Ghana is a small country located in West Africa, but it has a disproportionately large role to play in the global cocoa market. Every year, more than one million tons of cocoa are grown within its borders – enough to make it the world’s second largest cocoa producer. At the end of each season, farmers and traders alike take to the roads and bushways with their bounty, transporting the precious commodity through some of Ghana’s most remote regions as they make their way to the city where they can sell their harvest.
Jeff is one such farmer who makes his living off of cocoa. He drives a motorbike or walks for hours on end, carrying huge sacks of beans that will soon be turned into chocolate bars and desserts enjoyed all over the world. The road is treacherous as he navigates through mud-filled paths and dense forestation. He often faces financial hardship due to fluctuating prices in the market – but he perseveres nonetheless, knowing his hard work will pay off in time.
This story is just one example of what life is like for many Ghanaian farmers and traders involved in cacao production. To better understand this remarkable trade route – from farm to store shelf – a documentary has been produced so viewers can experience all facets of this industry first hand.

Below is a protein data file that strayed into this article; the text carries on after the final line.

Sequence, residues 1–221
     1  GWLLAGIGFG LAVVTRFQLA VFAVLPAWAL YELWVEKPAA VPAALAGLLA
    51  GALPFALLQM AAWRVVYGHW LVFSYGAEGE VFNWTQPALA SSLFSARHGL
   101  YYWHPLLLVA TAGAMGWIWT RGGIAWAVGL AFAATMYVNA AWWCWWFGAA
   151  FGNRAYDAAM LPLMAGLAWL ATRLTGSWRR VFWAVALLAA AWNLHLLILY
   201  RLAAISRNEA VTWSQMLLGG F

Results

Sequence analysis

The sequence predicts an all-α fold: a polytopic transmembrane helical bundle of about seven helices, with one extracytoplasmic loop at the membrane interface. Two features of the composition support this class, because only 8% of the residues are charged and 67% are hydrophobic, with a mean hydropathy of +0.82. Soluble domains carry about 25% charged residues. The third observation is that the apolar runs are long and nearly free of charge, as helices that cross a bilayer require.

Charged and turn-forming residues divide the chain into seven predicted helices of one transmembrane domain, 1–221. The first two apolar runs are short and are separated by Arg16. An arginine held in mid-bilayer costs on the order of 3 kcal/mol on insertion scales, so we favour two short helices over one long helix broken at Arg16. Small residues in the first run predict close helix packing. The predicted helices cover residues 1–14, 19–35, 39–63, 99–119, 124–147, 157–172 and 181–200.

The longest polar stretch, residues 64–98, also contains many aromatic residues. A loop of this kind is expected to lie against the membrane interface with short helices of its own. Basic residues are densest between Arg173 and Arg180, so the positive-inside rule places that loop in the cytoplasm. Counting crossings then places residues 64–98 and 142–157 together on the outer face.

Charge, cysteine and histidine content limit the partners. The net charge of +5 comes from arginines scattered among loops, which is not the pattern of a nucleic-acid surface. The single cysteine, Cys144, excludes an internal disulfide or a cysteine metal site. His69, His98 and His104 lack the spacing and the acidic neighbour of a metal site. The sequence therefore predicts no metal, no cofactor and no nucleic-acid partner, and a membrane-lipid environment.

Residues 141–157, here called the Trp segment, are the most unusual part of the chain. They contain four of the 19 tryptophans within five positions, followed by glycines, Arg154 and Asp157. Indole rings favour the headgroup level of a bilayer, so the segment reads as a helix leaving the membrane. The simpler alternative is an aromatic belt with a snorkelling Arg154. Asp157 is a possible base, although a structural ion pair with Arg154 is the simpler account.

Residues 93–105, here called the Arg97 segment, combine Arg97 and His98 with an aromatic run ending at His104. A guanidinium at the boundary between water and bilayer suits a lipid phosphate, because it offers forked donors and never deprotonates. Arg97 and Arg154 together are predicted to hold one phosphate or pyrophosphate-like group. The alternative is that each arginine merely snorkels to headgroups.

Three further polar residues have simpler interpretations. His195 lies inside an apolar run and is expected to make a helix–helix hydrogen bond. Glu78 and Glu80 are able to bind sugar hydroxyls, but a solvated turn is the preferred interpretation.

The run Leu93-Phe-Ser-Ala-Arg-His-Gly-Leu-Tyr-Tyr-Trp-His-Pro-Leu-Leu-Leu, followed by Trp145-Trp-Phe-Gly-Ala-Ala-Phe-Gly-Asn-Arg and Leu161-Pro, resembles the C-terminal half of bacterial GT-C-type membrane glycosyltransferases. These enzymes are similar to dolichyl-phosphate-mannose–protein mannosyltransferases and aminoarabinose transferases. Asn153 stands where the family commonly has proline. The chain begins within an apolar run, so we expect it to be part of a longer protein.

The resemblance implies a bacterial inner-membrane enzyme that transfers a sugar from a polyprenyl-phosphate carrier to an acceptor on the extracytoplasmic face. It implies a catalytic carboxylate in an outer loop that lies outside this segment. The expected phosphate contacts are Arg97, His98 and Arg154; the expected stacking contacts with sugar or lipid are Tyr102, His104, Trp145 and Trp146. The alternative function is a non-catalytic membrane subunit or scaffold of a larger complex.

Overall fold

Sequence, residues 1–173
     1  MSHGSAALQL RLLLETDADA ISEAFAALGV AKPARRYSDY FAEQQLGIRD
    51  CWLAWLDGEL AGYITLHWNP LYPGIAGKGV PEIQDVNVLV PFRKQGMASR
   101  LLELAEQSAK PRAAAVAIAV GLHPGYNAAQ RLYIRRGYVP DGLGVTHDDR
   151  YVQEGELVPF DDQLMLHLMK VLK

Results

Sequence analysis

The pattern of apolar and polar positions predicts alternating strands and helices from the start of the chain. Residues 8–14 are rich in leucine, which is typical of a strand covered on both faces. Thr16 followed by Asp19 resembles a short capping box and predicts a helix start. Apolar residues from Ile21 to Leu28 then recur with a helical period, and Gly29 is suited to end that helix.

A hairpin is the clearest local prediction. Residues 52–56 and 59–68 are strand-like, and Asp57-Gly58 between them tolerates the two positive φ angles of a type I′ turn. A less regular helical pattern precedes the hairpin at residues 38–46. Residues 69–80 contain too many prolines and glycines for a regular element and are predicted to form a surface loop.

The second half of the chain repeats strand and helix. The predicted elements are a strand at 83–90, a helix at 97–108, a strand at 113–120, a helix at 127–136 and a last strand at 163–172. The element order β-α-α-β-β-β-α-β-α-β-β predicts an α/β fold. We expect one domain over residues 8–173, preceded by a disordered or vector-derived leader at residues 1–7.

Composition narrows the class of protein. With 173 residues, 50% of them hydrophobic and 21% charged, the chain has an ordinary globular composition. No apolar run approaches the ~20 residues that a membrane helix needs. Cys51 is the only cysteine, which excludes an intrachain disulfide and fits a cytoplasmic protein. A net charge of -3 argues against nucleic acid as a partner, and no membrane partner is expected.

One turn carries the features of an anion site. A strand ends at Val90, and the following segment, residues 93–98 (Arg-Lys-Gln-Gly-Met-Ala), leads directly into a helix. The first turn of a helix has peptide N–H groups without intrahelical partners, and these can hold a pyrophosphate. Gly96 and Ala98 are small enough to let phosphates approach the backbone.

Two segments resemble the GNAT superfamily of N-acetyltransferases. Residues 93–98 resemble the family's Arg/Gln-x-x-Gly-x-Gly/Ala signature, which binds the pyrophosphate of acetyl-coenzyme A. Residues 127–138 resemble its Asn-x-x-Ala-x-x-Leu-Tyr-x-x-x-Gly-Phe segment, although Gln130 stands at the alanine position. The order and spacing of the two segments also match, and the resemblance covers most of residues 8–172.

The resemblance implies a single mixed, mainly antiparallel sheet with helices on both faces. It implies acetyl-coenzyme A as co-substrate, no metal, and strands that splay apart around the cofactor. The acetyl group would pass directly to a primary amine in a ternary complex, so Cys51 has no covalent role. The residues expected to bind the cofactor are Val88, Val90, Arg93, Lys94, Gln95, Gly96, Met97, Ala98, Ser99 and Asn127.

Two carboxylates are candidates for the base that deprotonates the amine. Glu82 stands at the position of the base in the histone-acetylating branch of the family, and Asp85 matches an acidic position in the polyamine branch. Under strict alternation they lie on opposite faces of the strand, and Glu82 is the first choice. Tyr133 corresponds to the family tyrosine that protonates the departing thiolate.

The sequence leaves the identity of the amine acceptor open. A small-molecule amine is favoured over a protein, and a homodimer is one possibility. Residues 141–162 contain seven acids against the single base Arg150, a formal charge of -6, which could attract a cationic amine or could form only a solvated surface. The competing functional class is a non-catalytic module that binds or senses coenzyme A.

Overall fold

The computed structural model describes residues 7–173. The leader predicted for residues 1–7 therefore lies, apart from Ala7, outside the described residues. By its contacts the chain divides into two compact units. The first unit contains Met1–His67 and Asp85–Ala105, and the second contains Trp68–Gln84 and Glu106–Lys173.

The documentary follows Jeff’s arduous journey as he traverses Ghana’s bushways with his cargo – shedding light on an area that remains largely undiscovered by those outside its borders. Through interviews with key players within Ghana’s cocoa industry and gripping visuals of day-to-day life for farmers such as Jeff, ‘Cocoa: A Journey from Farm to Store Shelf’ offers an incredible insight into how these humble beans not only feed our sweet tooth – but also provide livelihoods for those working tirelessly